Tuesday, 2 October 2012

JCC: Detailed Analysis of the Malta Cohabitation Bill

4.9.12 by Joseph Carmel ChetcutiView the entire paper [here].


It is respectfully submitted that:
  • The title of the Bill is inappropriate,
  • The Bill misleadingly gives the impression that it offers same-sex and different-sex partners some form of relationship registration when it offers nothing of the sort,
  • The Bill offers no opportunity to parties for dispute resolution,
  • The Bill seems to be troubled over any talk of ‘sexual intimacy’, as Clause 3 of the Bill makes all too obvious, the Maltese Bill cutting out any reference to the sexual nature of the relationship as contained in sub-section 172 (3) of the Irish Act,
  • The Bill is heterosexist, fails to differentiate between different-sex and same-sex relationships, subordinates same-sex partners to spouses and former spouses, and applies the ‘traditional’ heterosexual model of a working husband and a stay-at-home wife which is out-of-sync with today’s reality,
  • The Bill fails to distinguish between different forms of parenting, being not only disrespectful towards same-sex parents and their partners who take on the role of parenting but also an affront to children growing up and being nurtured in such relationships which is clearly not in the children’s best interests,
  • The Bill fails to make a distinction between ‘cohabitation’ and ‘living together’, and is built on the wrong premise that a de facto relationships subsist only where the parties are cohabiting,
  • The requirement that parties execute a ‘public deed’ before they can access certain rights, the introduction of the fault principle and the right to seek compensation for damages all amount to ways of penalising different-sex and same-sex de facto partners,
  • The ‘next of kin’ provision lacks detail and fails to make clear how and when a same-sex and a different-sex partner is the ‘next of kin’,
  • The Bill has taken large slabs from the Irish Act, creating the impression that the Bill is a ‘cut-and-paste job’ that has not been properly thought through and hurriedly put together, and
  • Drafting of the Bill leaves a lot to be desired, reflects poorly on Malta’s legal culture, and should be the source of great shame and embarrassment to the Ministry of Justice, Dialogue and the Family.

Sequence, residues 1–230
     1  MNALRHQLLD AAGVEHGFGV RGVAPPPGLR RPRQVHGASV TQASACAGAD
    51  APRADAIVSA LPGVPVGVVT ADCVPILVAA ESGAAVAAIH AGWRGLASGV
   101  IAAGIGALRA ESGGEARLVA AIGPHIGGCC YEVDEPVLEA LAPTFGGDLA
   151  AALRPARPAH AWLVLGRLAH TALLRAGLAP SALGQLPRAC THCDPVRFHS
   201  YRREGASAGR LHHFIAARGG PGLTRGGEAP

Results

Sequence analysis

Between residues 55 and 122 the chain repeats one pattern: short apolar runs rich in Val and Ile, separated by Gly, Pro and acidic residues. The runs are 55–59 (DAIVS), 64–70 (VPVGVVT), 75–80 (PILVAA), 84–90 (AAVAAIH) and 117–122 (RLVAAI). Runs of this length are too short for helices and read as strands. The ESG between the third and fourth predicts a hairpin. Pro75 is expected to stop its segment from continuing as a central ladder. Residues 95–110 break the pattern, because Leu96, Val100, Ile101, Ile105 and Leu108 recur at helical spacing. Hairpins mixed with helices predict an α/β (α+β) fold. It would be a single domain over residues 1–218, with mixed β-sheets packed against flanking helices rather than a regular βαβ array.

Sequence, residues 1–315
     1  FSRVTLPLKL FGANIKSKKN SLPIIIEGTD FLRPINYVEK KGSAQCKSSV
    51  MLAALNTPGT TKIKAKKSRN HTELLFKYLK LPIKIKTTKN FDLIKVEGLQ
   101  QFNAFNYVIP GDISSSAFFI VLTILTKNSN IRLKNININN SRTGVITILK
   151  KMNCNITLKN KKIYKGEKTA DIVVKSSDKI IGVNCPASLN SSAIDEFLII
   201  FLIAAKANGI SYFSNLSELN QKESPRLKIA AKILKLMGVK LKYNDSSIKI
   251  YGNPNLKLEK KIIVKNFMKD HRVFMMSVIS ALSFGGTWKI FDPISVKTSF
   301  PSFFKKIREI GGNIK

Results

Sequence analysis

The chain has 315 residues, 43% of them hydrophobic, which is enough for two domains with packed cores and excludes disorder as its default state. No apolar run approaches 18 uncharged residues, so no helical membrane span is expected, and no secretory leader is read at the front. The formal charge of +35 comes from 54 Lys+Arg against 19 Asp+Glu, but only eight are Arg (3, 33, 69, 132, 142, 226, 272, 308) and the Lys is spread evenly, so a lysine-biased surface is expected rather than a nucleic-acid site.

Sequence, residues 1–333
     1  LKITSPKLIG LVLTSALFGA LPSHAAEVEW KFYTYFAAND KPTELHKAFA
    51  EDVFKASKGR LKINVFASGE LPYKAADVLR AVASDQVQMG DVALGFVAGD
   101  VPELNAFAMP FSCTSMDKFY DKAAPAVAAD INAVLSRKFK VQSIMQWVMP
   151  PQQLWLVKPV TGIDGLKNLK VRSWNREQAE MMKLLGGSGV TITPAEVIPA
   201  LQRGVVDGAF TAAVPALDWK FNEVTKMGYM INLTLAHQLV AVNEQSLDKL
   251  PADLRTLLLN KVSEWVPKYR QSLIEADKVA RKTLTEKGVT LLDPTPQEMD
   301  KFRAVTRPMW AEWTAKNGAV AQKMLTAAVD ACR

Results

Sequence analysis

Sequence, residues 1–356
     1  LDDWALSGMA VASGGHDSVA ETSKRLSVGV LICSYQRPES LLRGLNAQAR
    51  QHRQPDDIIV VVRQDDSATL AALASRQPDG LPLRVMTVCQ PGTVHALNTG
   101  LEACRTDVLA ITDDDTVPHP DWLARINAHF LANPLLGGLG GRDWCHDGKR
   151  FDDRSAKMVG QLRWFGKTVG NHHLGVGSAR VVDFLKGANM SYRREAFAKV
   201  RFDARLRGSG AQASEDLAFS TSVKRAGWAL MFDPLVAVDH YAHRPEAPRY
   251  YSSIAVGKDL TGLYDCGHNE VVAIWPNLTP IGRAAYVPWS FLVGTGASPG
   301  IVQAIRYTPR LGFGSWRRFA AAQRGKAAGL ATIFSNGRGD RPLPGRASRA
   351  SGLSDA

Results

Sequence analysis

The undersigned advocates the following course of action:

  • that the Bill currently before the parliament be immediately withdrawn,
  • that a new Bill be introduced in parliament to make provision for the recognition of relationships between same-sex and different-sex de facto parties (Bill 1) –
  • without such relationships being required to emulate ‘traditional’ heterosexual models of a working husband and a stay-at-home wife,
  • without such relationships being made subordinate to other forms of relationships and institutions (e.g., marriage), and
  • irrespective of the living arrangements of the parties and their former marital status, and
along the lines of the Relationships Act 2008 (Victoria), the aim of such a Bill being to facilitate not impede same-sex and different-sex de facto relationships,
  • that Bill 1 should not seek to regulate the registration of other forms of relationships where parties may be living together but not in an intimate sexual relationship,
  • that a committee of jurists be set up to identify and report on those offending areas of Maltese law that discriminate against same-sex and different-sex de facto partners,
  • that upon the tabling of the report, a Bill be introduced in parliament to do away with those offending areas of Maltese law that discriminate against same-sex and different-sex de facto partners (Bill 2), and
  • that legal remedies be made available to same-sex and different-sex de facto partners either by incorporating them into Bills 1 or 2 or publishing them in a new Bill (Bill 3).

View the entire paper [here].

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